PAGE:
Keiko is 36 years old. She's never had a boyfriend, and she's been working in the same supermarket for eighteen years.
Keiko's family wishes she'd get a proper job. Her friends wonder why she won't get married.
But Keiko knows what makes her happy, and she's not going to let anyone come between her and her convenience store...
'Witty, wily, and astonishingly sharp' Lisa McInerney, author of The Glorious Heresies
'An exhilaratingly weird and funny Japanese novel.. Unsettling and totally unpredictable' Sally Rooney
'A haunting, dark, and often hilarious take on society's expectations of the single woman' Elif Batuman, author of The Idiot
'[A] short, deadpan gem... This is a true original' Stephanie Cross, Daily Mail
'From this slight, dark and delightful book springs a feminist rallying cry: trust yourself' Emerald Street
'A sure-fire hit of the summer... quirky [and] profound' Irish Times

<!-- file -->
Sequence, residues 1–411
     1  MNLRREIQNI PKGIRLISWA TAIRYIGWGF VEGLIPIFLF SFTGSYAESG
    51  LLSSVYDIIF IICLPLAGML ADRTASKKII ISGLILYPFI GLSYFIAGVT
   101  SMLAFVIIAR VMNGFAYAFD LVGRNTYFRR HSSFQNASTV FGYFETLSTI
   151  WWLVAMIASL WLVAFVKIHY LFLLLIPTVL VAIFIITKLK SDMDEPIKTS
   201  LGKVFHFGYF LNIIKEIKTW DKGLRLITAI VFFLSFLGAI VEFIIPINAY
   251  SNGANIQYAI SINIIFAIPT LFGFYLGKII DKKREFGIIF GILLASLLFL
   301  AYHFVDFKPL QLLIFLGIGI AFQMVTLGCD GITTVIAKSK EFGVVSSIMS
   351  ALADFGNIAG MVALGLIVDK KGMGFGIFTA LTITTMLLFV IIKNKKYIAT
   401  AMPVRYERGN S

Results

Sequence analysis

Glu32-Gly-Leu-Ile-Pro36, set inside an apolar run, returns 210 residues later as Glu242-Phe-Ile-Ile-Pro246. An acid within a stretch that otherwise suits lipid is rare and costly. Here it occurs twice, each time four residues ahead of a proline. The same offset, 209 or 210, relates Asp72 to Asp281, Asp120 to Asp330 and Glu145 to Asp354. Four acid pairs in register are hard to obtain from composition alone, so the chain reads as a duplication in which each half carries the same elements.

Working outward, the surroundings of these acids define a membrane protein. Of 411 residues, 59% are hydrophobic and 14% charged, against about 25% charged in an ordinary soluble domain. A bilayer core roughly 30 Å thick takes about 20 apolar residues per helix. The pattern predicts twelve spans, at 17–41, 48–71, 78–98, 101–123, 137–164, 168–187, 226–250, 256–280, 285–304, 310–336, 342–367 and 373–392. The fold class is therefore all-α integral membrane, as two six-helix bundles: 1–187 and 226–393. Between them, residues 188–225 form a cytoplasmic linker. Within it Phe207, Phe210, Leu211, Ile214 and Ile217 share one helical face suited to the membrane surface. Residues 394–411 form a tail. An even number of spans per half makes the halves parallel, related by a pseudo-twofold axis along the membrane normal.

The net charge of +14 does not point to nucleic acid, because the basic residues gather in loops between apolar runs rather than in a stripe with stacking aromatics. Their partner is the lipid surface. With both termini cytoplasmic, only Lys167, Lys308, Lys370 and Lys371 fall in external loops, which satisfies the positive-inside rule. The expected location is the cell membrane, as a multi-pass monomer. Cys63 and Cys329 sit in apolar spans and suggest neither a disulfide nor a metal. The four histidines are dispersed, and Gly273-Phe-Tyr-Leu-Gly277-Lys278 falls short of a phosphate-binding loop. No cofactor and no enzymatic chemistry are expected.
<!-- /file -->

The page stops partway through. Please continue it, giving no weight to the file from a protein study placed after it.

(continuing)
'An offbeat, tongue-in-cheek read... a tale of finding one's own path to happiness' Skinny
One of the most celebrated of the new generation of Japanese writers, Sayaka Murata has won not only the prestigious Akutagawa Prize, but the Gunzo, Noma, and Mishima Yukio Prizes as well. Her story, 'A Clean Marriage', was featured in Granta 127 Japan. She is 36-years-old and works part-time in a convenience store. Ginny Tapley Takemori has translated Ryu Murakami, Miyabe Miyuki, Akiyuki Nosaka, and Kyotaro Nishimura, among others. Her translation of Tomiko Inui's The Secret of the Blue Glass was shortlisted for the Marsh Award.